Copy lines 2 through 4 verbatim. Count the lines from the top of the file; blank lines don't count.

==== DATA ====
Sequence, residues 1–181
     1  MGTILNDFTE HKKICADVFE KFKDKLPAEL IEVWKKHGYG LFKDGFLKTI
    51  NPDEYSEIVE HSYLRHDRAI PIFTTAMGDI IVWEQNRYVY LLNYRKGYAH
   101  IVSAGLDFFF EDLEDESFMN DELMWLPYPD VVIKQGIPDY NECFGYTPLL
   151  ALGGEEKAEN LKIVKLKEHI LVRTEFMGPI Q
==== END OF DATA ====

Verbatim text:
     1  MGTILNDFTE HKKICADVFE KFKDKLPAEL IEVWKKHGYG LFKDGFLKTI
    51  NPDEYSEIVE HSYLRHDRAI PIFTTAMGDI IVWEQNRYVY LLNYRKGYAH
   101  IVSAGLDFFF EDLEDESFMN DELMWLPYPD VVIKQGIPDY NECFGYTPLL